PAPUA NEW GUINEA 2013

Oro Province
The Ridge

Higatura Head Office


The Higatura Estates main offices are located west of Popondetta. We visited the offices to make arrangements for our visit to Mamba Estates and to use the internet.

Owen and I were lodged at The Ridge Guest House, in the Higatura accommodation compound a few kilometres to the west.

The Ridge Guest House, main building on right, our accommodation on left The view out the back, hence "the Ridge."
Here
New Guinea small-eyed snakes,
Micropechis ikaheka, have been seen

Upon arrival we explored the local plantations on foot. The only herp we saw was an Emerald tree skink (Lamprolepis smaragdina) but it climbed quickly out of reach.

On the first evening Brian took us out for a drive around the plantations, in the hopes of finding New Guinea small-eyed snakes (Micropechis ikaheka) but all we caught were a large White-lipped treefrog (Litoria infrafrenata), the largest treefrog in the world, and some Wood frogs (Hylarana sp.) which has still to be identified to species.

 

White-lipped treefrog,
Litoria infrafrenata

Papuan wood frog,
Hylarana daemeli

The Ridge was out base while we were working in the oil palm plantations of the Oro coastal lowlands. We usually arrived back to exhausted to do much herping in the near vicinity but a fallen, decaying log near the accomodation did attract our attention. Underneath we found a Solomons forest skink (Sphenomorphus solomonis) and a Dwarf tree gecko (Hemiphyllodactylus typus), and a ziplock bag which suggested we were not the first herpers to examine the locality.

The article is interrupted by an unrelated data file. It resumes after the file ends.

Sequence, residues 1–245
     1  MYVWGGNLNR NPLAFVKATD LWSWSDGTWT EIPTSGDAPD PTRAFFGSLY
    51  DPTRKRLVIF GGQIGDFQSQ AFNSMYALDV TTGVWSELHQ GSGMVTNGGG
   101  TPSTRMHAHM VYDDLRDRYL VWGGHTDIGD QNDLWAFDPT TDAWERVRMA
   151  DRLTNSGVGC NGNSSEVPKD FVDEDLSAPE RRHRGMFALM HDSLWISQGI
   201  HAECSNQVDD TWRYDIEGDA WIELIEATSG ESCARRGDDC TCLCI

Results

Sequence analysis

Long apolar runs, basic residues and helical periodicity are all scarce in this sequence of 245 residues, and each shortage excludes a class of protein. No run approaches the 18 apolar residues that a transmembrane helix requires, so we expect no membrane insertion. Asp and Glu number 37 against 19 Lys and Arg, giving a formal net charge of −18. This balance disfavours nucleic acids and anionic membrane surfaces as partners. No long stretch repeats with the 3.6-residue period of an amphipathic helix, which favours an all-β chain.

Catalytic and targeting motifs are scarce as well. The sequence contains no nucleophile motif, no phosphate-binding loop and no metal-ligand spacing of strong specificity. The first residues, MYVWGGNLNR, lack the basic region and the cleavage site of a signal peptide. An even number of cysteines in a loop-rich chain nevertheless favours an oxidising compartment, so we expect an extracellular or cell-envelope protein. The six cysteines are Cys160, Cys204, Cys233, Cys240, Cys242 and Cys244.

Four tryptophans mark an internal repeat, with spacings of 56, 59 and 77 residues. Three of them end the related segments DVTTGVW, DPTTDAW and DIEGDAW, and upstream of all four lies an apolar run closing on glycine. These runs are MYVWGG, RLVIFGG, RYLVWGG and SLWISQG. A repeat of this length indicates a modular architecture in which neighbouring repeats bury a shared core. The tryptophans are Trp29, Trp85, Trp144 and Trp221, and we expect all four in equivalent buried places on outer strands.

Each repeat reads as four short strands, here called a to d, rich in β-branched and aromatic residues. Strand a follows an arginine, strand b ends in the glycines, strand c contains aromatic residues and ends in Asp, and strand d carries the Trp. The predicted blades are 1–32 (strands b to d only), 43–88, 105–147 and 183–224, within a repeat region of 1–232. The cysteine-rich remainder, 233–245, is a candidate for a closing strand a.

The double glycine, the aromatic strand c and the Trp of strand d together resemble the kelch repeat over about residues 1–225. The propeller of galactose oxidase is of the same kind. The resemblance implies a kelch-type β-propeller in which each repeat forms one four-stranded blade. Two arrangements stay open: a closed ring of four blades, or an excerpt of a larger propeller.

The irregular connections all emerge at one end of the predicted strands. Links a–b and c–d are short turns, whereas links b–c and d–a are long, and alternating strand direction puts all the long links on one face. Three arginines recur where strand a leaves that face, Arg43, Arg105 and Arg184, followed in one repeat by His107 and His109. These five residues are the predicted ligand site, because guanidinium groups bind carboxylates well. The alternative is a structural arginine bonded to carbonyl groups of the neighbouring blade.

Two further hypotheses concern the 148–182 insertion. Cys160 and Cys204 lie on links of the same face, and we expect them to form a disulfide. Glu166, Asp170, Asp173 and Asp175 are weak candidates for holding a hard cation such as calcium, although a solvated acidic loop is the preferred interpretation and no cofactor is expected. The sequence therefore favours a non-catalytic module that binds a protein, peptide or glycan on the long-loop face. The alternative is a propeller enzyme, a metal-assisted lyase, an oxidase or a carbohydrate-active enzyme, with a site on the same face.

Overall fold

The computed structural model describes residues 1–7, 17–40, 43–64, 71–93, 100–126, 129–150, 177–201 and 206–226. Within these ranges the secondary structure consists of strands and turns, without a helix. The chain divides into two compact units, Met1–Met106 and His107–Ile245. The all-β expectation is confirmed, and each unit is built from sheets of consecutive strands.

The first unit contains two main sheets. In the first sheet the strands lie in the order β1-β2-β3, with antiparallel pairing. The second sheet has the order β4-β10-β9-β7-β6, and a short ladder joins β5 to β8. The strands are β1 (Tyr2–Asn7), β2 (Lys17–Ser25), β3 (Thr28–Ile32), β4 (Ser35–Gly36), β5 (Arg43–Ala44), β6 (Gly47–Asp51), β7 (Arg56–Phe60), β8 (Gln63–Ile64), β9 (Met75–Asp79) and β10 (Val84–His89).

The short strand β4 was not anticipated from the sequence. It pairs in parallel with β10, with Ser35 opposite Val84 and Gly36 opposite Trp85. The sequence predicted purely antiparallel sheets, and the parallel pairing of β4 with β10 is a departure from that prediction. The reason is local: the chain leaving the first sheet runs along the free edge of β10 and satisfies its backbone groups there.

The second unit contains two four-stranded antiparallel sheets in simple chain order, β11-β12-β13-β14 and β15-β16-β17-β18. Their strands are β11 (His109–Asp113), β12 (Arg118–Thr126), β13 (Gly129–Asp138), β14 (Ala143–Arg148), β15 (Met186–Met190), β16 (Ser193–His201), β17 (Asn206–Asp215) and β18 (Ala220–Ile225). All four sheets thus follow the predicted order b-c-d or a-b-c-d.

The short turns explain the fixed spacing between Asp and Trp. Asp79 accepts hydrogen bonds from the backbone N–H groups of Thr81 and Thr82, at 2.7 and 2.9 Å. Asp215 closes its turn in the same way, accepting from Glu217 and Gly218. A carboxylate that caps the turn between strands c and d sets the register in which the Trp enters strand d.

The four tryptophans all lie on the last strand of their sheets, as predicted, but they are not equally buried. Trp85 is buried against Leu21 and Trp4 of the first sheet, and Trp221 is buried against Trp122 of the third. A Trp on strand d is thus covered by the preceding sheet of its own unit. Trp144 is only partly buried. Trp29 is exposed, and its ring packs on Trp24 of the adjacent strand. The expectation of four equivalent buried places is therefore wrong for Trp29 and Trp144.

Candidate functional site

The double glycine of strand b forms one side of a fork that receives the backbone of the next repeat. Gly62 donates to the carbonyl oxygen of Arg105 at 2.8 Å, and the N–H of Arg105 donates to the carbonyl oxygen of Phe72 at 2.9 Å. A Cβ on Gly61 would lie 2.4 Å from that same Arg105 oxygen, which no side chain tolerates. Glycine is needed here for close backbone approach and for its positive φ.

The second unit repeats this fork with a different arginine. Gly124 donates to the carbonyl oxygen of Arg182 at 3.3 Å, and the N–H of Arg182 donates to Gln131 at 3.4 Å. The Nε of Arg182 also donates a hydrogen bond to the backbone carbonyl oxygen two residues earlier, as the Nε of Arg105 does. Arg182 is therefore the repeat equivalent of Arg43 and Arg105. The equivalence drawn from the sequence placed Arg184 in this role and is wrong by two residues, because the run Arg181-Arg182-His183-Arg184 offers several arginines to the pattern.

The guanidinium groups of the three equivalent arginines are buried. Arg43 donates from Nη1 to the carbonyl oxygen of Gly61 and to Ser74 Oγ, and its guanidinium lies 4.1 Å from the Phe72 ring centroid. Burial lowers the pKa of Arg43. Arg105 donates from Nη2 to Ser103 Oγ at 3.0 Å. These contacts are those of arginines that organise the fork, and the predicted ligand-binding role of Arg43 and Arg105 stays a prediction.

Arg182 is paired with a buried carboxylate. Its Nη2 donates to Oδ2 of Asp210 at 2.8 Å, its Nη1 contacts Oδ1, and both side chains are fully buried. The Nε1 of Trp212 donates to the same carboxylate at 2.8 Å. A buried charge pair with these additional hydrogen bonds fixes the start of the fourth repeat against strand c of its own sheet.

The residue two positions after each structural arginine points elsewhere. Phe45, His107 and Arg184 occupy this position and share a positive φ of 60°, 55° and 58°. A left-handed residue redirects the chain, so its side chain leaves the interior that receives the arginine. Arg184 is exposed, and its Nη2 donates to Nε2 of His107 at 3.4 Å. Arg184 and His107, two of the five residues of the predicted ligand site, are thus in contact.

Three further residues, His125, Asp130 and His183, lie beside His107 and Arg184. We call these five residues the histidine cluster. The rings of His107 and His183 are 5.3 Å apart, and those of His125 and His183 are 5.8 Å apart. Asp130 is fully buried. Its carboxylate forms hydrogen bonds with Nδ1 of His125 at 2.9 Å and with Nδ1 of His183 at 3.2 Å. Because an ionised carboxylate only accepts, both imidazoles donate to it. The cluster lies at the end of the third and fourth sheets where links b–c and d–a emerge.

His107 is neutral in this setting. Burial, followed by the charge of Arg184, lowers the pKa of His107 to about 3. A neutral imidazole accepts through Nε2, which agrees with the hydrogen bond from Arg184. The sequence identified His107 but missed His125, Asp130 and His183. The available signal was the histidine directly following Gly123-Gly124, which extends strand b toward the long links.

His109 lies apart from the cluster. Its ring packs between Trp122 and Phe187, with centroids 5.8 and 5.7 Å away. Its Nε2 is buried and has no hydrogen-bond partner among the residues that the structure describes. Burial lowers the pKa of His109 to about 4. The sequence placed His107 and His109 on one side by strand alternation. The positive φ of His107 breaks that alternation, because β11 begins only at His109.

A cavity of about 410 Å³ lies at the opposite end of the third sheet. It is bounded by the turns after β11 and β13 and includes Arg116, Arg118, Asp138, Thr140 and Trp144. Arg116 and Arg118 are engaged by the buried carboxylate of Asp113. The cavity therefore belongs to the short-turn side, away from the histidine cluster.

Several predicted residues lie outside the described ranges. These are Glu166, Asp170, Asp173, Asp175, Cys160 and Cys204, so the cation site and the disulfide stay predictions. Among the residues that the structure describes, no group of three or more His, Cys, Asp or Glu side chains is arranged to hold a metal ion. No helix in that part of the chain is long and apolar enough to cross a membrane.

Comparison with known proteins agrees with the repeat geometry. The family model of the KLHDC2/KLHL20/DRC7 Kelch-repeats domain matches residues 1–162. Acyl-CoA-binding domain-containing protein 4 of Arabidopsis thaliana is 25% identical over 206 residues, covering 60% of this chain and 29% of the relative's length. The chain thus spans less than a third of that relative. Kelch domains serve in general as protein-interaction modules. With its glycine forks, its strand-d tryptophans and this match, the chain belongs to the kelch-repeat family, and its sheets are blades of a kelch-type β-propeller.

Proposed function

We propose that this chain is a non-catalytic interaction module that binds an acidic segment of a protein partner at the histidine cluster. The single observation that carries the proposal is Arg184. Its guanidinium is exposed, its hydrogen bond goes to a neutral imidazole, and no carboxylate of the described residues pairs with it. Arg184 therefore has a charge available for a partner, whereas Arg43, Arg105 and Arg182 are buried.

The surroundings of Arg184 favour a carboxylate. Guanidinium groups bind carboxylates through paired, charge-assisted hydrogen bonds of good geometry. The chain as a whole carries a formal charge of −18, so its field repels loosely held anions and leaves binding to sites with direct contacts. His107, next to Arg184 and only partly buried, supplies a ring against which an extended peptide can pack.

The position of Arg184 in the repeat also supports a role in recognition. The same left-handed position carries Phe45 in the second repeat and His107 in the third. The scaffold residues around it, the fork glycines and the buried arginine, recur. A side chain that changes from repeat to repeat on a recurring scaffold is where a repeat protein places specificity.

Solomons forest skink, Sphenomorphus solomonis
Dwarf tree gecko, Hemiphyllodactylus typus

 

I set up my room at The Ridge as both a photographic studio and a field laboratory.

A snakeman's room

 

Owen and I were also invited to speak at The Barn, the Higatura social club located close to where we were staying. We had a large audience of expatriots from Australia, S.Africa, Zimbabwe, India and China, plus a few Papuan nationals. My talk was Snakes of Oro, and it was prepared from scratch in the hour leading up to its actual presentation. Owen's talk was on correct first aid techniques (pressure immobilisation technique, PIB or "Aussie Bandage"- including a demonstration) and he came down heavily on dangerous practises such as razor-cutting and torniquets.

Mark beginning his presentation
Snakes of Oro
Owen talking about snakebite first aid


Owen also used our accomodation as somewhere to give PIB lessons to some of our keener field assistants such as Albert and Joseph.

Ben giving Albert and Joseph PIB training
while Hayward looks on

We were also asked to present simpler versions of our presentations at the Siroga International School , at the request of the Zimbabwean headmaster Father Paul, and Owen demonstrated PIB. Even children like these can learn it and save lives.

Mark and Owen presenting at Siroga International School